Feb 22, 2012
It’s big, it smells of fish and if you’re in Tokyo, you gotta go. The Tsukiji Wholesale Market, or Tokyo-to Chuo Oroshiuri Shijo, to give it its Sunday name, is the lifeblood of Tokyo’s communal digestive system, the pulsating heart that satisfies the voracious appetites of Greater Tokyo’s 35 million hungry citizens.
The figures alone are mind-boggling. Its fish section shifts 4000 tonnes of aquamarine edibles every 24 hours. More than 60,000 workers punch their clocks there each morning and its yearly sales are stratospheric with around $A5,130,000,000’s worth of fish and veggies shipped through per annum. It is the world’s largest wholesale market and some seriously pricy fish pass through its portals.
World records are regularly broken here, but last January, Tsukiji Shijo, as locals oft truncate it, outdid itself. A single bluefin tuna from Oma in Aomori, Northern Japan went under the hammer at a cool AUD$711,864. That’s a brand spanking new Lamborghini Gallardo, with change to keep you in gourmet sushi from Sydney’s Tetsuya restaurant for the next decade or so.
But Tsukiji, is so much more than its figures. It is a slice of Japanese history writ large at the heart of a 21st century megacity. In a nutshell, the original Tokyo was a collection of villages atop a swampland that no-one bothered with too much, other than the locals, who made a living and ate well from the fish-filled river-fed bay at its door. That is, until political upheaval changed their fate forever.
In 1603 it was declared that the Emperor would no longer reside in Kyoto and a new capital was to be built. Its name would be Edo, later Tokyo, and it would require skilled artisans to build a castle and hard-as-nails working men to build the new city. And they would all need fish to eat.
Four centuries later, Tokyo is unquestionably one of the world’s greatest cities, a dizzying Blade Runner-meets-Manga-meets-Manhattan technopolis that never fails to amuse, bemuse and fascinate. So what happened to those humble, folk from the marshes? You guessed it. They run Tsukiji. Meet the Edokko, literally “The Sons of Edo”, the rough and ready, inimitably cheery, hardworking, hard-drinking, chain-smoking descendants of Tokyo’s physical founders.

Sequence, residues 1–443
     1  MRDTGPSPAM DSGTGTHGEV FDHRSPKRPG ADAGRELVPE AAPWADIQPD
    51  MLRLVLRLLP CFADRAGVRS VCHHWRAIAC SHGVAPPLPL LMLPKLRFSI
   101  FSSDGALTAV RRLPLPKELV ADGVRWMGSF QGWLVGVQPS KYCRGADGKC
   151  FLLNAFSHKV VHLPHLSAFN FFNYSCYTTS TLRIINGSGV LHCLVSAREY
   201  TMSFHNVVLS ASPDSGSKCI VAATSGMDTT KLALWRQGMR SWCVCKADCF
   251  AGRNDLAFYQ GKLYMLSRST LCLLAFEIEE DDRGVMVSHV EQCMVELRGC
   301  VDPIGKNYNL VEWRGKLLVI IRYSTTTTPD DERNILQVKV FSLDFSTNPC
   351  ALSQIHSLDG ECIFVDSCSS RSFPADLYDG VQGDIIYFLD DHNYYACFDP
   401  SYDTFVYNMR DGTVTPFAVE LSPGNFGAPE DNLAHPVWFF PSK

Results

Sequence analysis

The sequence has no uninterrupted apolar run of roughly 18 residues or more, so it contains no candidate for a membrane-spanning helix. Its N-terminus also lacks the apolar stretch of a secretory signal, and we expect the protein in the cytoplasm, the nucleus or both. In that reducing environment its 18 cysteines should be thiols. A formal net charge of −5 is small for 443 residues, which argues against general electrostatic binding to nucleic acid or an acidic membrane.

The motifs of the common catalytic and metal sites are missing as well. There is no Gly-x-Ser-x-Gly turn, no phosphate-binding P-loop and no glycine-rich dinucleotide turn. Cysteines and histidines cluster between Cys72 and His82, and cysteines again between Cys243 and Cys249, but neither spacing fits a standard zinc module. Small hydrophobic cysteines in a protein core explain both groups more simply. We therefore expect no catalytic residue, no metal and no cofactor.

Here, the wellington-booted, knife-wielding (for tuna slicing) Edokko shout and bawl their wares as they have for more than 400 years. They hurtle through the markets’ narrow lanes on electric-powered chariots known as “turret trucks”, delivering their wares from wholesaler to retailer and thus onward to the general public. It’s not a little dangerous and the market website offers this sage advice: “Vehicles have the right of way. Cars, trucks and turret trucks are used to transfer merchandise within the market. Please give them priority and stay out of their way. Your safety is our main concern. Please be extra careful when you are taking photos and watch out behind you.”
Tsukiji is split in two parts, the Inner Market, where the crack-of-dawn seri (tuna auctions) take place, and the Outer, where you can stroll at a leisurely pace, and where you’ll find the brilliant eateries.
The Iwasa Sushi restaurant is a humble joint on the edge of the Inner Market, run by the ebullient Ms Misae Iwata. The welcome is as warm as the sushi is fresh, and their ikuradon (rice topped with salmon roe) is to die for. This was reportedly Dennis Hopper’s favourite eatery and Benicio Del Toro and Tetsuya both drop in when in town.
As they say in these parts: Tanoshinde – enjoy!
Hotel Seiyo Ginza
1-11-2 Ginza, Chuo-ku, Tokyo.
Ask nicely and you can accompany their star chef on his early morning foray into the market. He’ll also cook you what he bought.
1-9-1 Higashi-Shinbashi, Minato-ku, Tokyo.
Uber-cool, uber-arty and uber-luxurious, the Hilton’s Japanese flagship is a remarkable gem, set atop a skyscraper overlooking the bay. You may be in heaven, but you are just a stroll from the Edokko action